However, different teams = different predictions of mortality among sufferers _

Cambridge University                       1.4%

Imperial College (London)                1.2%

Australian study                               0.75%

World Health Organisation             0.6%

Harvard University                          0.5%

SAGE                                                0.5%

German study                                0.37%

Stanford University                       0.25%

Quatari study                                0.01%


And more about ‘Sage’ (from ‘Letters to the Editor’ of a national daily) – 07/11/20

As a scientist, I find it annoying, almost insulting, to see what emanates from the Scientific Advisory Group for Emergencies (Sage) described by politicians and the media as “science”. What emerges from Sage is not subject to any form of scientific rigour or peer review, as scientific work must be, in order to be accepted as valid. It is principally a form of modelling based on suppositions and assumptions, not on real studies. It would be better if decisions on dealing with Covid-19 were based on real data, such as that gathered by the King’s College London ‘Zoe’ study, rather than scenarios generated by Sage. It would be even more appropriate to obtain a consensus view of how to deal with the situation by examining the plethora of peer-reviewed studies available in the scientific press, rather than the opinion of one group of modellers. This is how science generally operates. The evidence behind any decision made by the Government could then be presented in an open and transparent way. We, the general public, deserve better than the current obfuscation.”Dr Keith Collard


Also seemingly ignored is the fact that, while the Covid-19 virus is new, other corona viruses are not. We had SARS in 2003 and MERS in 2012 – and in the UK there are at least four known strains of coronavirus which cause the common cold, meaning that many who have been infected by other corona viruses will have immunity to closely related ones such as the Covid-19 virus. Research in both Europe and the US has shown that around 30% of the population was likely already immune to Covid-19 before the virus arrived.

Pre-eminent scientists such as John Ioannidis, professor of epidemiology at Stanford University in California, have concluded that the mortality rate is close to 0.2 per cent which means one in 500 people infected dying. Apply this to the UK and the total number of Covid deaths (around 45,000) would imply that approximately 22.5million people have been infected. This equates to 33.5% of the population and not Sage’s 7%.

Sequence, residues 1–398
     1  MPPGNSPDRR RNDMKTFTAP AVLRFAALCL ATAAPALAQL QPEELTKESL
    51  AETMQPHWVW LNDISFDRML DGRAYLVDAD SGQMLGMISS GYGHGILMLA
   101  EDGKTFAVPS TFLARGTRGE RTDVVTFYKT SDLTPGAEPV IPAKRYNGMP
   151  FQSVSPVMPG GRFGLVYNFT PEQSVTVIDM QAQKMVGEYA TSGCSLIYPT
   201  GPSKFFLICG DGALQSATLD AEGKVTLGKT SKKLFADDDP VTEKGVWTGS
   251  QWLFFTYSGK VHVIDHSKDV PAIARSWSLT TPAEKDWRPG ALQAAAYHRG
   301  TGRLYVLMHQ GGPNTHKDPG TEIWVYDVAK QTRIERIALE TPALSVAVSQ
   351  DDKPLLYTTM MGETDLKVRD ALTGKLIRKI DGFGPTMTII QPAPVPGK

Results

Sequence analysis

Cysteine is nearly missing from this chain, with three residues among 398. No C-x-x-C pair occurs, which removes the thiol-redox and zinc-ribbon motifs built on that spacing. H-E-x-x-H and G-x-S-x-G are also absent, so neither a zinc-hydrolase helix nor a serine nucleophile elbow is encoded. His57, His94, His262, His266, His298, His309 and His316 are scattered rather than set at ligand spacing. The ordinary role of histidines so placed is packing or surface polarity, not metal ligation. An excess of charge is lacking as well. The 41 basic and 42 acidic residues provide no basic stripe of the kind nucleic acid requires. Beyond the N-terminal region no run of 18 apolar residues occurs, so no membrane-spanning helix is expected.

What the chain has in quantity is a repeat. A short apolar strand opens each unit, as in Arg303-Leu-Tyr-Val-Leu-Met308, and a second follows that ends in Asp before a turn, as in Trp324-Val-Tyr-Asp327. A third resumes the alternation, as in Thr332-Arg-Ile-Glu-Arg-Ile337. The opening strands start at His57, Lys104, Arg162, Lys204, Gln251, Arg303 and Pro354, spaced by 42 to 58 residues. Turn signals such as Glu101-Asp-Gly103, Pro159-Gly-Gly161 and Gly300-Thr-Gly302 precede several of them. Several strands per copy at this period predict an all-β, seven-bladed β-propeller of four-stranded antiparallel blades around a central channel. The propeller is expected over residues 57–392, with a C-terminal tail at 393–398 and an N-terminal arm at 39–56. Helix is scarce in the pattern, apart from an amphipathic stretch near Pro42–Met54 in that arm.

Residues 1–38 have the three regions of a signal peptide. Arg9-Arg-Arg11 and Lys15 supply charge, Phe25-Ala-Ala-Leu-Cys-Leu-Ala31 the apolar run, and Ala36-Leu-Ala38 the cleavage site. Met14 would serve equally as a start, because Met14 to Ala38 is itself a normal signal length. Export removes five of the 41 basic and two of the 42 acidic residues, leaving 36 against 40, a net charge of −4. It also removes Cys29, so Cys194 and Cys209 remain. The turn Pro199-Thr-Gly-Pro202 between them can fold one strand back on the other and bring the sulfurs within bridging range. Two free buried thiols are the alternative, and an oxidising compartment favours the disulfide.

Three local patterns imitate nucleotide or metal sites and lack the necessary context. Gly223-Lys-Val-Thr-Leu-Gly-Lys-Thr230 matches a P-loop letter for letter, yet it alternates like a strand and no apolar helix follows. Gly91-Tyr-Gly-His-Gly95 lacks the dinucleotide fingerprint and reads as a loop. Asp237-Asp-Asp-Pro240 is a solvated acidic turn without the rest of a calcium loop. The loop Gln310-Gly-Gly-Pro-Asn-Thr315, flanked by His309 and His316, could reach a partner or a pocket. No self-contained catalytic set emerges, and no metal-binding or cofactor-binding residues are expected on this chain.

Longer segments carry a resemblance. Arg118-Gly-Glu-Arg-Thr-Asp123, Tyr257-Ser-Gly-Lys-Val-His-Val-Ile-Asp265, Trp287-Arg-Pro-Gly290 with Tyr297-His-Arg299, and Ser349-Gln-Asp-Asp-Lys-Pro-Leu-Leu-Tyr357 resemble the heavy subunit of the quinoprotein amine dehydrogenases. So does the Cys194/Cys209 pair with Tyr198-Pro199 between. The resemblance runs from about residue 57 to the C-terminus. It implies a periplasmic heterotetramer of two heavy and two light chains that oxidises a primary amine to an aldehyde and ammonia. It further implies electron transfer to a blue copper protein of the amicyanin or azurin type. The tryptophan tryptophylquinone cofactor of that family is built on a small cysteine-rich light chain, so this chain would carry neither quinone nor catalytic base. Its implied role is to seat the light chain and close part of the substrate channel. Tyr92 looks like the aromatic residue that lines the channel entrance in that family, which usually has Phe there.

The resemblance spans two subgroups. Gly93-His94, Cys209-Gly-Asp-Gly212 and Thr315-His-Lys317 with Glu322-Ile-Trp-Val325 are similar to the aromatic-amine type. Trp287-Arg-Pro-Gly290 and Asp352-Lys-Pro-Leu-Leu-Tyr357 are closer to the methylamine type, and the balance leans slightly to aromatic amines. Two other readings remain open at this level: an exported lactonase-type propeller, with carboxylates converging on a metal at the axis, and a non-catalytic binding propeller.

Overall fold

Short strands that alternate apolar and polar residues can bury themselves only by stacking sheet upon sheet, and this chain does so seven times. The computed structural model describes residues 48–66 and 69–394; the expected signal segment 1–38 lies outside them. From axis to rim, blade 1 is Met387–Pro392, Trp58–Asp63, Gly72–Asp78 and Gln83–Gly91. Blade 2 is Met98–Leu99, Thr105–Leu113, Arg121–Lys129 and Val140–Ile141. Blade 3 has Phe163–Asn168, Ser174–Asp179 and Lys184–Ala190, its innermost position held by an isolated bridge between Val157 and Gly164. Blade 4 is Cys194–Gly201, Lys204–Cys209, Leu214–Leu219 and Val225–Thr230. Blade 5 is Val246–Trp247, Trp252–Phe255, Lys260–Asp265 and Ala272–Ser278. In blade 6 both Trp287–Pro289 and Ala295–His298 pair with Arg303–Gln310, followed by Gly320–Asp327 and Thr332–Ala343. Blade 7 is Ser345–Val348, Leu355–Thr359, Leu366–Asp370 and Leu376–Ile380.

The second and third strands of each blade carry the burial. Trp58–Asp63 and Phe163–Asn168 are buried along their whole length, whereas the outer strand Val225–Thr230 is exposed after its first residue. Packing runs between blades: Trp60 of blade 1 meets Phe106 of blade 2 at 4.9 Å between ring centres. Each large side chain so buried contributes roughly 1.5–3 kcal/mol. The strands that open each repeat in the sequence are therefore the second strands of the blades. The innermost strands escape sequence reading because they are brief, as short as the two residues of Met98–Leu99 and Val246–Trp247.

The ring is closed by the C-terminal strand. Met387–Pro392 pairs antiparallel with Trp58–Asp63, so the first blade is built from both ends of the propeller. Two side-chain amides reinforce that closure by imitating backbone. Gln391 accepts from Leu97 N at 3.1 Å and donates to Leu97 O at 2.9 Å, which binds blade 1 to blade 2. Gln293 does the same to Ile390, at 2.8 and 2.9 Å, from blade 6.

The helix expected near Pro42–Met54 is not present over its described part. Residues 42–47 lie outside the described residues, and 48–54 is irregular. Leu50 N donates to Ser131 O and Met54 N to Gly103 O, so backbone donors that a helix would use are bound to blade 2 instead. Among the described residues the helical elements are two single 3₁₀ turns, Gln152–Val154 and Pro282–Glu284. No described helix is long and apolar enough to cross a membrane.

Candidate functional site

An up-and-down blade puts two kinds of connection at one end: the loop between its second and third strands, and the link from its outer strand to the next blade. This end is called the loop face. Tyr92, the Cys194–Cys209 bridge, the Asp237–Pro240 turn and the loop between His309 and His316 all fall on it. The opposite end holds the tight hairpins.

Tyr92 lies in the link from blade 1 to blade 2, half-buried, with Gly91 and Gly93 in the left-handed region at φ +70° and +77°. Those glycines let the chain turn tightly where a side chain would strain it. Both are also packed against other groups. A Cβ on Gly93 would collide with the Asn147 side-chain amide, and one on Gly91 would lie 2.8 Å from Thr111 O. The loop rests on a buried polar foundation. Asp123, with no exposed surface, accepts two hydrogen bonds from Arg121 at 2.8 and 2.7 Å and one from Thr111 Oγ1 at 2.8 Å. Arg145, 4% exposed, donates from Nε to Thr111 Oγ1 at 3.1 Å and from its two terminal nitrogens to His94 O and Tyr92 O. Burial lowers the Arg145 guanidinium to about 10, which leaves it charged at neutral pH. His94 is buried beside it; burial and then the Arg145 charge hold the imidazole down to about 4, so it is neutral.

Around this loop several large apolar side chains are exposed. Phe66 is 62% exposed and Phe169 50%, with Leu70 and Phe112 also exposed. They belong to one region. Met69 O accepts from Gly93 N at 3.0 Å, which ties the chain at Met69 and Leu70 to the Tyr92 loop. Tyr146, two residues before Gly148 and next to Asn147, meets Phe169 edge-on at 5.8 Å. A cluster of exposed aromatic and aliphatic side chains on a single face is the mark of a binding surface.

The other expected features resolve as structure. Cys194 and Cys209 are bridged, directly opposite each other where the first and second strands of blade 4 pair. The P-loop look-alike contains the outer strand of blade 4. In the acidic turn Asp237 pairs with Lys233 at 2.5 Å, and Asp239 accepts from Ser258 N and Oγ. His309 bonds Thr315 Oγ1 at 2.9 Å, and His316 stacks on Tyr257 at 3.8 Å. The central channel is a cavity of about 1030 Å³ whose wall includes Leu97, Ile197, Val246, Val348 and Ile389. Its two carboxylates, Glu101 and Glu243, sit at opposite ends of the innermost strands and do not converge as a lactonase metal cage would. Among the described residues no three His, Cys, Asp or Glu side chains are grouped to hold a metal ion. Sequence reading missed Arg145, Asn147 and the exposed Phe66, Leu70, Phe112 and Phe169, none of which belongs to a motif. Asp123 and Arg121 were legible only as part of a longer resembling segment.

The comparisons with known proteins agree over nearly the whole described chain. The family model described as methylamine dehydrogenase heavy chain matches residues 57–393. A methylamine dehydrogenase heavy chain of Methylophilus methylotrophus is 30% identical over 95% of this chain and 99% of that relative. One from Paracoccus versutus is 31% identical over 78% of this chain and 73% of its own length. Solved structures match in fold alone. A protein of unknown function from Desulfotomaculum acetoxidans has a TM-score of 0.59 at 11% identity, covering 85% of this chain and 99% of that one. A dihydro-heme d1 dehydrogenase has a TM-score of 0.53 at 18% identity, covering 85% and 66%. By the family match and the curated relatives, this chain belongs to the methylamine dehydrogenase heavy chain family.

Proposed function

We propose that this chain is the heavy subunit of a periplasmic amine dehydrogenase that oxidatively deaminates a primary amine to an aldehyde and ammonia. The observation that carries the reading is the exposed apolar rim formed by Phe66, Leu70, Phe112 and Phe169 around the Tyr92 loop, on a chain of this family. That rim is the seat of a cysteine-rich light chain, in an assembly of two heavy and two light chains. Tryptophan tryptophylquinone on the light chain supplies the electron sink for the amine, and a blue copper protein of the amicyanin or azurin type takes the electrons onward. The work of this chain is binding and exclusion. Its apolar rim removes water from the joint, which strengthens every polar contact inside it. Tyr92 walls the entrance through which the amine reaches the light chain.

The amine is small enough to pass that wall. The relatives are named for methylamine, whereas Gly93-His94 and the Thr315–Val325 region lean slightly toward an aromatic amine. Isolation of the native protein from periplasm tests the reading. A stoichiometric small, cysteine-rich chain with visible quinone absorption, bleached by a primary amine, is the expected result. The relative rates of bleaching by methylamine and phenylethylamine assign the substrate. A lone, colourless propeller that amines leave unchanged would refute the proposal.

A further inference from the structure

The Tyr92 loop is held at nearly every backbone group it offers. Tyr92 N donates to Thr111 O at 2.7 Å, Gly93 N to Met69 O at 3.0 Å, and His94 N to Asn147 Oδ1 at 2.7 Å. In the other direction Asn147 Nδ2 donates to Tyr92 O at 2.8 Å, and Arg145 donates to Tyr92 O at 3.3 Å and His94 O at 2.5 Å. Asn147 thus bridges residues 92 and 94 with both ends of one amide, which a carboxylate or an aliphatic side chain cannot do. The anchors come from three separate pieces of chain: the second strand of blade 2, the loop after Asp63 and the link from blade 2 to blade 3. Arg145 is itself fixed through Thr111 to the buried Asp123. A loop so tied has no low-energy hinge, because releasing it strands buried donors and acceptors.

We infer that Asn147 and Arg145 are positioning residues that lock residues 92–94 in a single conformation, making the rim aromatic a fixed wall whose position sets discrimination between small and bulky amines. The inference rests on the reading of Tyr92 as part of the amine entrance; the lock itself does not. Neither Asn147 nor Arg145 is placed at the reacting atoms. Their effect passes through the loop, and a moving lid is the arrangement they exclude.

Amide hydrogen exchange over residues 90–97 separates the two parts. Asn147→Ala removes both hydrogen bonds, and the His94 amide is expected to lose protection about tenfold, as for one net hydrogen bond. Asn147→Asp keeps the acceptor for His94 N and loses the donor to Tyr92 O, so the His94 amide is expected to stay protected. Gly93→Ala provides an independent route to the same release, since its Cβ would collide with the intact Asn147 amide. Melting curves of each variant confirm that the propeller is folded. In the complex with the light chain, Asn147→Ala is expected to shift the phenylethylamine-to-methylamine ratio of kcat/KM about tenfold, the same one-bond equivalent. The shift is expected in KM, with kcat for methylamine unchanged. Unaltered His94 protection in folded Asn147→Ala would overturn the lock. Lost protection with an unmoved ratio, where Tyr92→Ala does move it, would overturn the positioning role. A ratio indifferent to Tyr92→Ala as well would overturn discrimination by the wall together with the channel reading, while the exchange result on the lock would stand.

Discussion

The immune systems of most healthy people bypass the complex and energy-intensive process of making antibodies because the virus can be overcome by several other means of defence.

  • innate immunity which is comprised of the body’s physical barriers to infection and protective secretions (the skin and its oils, the cough reflex, tears, etc.)
  • its inflammatory response (to localise and minimise infection and injury)
  • the production of non-specific cells (phagocytes) that target an invading virus/bacterium
  • the production of antibodies that protect against a specific virus or bacterium (and confer immunity) and T-cells (a type of white blood cell) that are also specific. (It is the T-cells that are crucial in our body’s response to respiratory viruses such as Covid-19).

Studies show that while not all individuals infected by the Covid-19 viruses have antibodies, they do have T-cells that can respond to the virus and therefore have immunity. ________________________________________________________________________________

The World Health Organisation says that of the 750million people infected by the virus to date, almost none have been re-infected. That’s how the immune system works and if it didn’t, humanity would not still be here.

If some 33.5% of our population have already been infected by the virus this year (and are now immune) – and a further 30% were already immune before we even heard of Covid-19 – then, once you also factor-in that 10% of the UK population is aged ten or under and therefore largely invulnerable (children are rarely made ill by the virus), that leaves just 26.5% of people who are actually susceptible to being infected. (The Sage current prediction is 93%).